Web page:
Date(s) - October 19, 2018
4:00 pm - 5:30 pm
LSC 304, Lory Student Center
Sheela Athreya, Associate Professor
Department of Anthropology, Texas A&M University
Current models of Homo sapiens evolution privilege the data–and morphology–from Western Europe to create an essentialist definition of “anatomical modernity.” They both implicitly and explicitly frame any departure from this morphology as “archaic,” thus casting many Australasian populations as non-modern regardless of their age. Here, I critique the way in which the study of “modern human origins” is culturally embedded in a post-colonial framework by reviewing the political and social biases that have led to the construction and perpetuation of an essentialist European perspective on Homo sapiens evolution. I then present a new way to our species’ evolutionary history, using on my ongoing research in India. This project integrates morphological, genomic, and archaeological data from the Bhimbetka rock shelter burials in Central India, and demonstrates the value of diversifying the voices that shape our theoretical frameworks in paleoanthropology.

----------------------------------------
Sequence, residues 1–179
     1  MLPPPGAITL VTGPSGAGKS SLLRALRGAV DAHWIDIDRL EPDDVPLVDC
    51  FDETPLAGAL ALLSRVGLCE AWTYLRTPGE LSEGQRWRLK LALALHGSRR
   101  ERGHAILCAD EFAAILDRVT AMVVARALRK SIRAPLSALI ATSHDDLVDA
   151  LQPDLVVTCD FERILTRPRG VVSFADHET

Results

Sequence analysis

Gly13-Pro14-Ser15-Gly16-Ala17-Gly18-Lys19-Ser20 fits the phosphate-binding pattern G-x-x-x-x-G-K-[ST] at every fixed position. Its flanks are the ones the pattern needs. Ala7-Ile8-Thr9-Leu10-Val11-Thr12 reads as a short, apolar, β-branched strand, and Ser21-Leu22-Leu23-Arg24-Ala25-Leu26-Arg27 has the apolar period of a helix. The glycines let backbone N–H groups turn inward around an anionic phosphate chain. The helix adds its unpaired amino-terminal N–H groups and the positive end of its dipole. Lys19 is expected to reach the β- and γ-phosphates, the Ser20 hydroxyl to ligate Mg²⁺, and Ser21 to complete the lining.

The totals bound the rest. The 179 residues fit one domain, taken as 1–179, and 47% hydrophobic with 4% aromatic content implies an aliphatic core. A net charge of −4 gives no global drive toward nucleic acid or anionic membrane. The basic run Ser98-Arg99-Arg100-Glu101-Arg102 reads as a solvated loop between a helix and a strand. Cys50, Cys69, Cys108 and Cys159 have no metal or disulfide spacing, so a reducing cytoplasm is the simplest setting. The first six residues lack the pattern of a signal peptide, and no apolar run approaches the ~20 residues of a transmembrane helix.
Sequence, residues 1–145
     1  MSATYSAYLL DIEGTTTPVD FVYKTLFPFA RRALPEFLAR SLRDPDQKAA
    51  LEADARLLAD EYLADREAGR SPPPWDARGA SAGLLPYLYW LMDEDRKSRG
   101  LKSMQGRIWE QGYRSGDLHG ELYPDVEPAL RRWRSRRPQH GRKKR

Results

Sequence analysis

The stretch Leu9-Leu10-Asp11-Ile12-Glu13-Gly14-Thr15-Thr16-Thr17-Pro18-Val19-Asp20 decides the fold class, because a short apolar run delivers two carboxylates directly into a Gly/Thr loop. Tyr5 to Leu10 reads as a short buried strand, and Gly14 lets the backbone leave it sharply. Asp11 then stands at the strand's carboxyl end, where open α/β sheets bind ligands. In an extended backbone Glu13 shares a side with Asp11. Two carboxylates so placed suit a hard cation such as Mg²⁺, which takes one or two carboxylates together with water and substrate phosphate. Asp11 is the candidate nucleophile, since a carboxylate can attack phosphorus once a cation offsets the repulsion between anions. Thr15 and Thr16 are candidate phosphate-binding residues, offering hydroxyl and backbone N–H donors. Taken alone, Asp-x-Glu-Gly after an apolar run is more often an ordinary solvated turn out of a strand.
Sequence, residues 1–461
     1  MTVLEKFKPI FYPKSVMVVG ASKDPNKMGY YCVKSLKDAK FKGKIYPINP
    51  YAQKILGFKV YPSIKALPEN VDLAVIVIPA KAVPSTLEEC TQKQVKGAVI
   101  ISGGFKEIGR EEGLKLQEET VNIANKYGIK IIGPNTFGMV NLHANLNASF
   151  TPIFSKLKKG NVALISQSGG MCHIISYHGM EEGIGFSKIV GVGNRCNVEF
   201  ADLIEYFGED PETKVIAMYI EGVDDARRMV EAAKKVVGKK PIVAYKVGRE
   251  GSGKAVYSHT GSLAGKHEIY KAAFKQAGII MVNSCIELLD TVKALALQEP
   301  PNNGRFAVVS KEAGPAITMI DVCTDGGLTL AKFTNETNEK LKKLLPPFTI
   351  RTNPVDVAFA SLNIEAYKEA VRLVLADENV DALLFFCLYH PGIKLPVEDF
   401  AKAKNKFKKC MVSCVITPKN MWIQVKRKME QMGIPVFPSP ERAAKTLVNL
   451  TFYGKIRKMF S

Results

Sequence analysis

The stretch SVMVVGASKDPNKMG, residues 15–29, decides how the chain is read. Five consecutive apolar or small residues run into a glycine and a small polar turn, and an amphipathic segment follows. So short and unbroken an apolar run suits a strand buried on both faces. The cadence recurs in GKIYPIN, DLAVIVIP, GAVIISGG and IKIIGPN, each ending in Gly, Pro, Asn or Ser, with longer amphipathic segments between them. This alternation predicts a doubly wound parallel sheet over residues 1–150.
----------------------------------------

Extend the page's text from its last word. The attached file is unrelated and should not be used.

About the speaker:
Sheela Athreya is an associate professor of anthropology at Texas A&M University. Her research focuses on Middle and Late Pleistocene human evolution, particularly in eastern Eurasia. Her publications include empirical analyses of hominin fossil data as well as reflexive analyses of the effects of colonialism on present-day paleoanthropological models.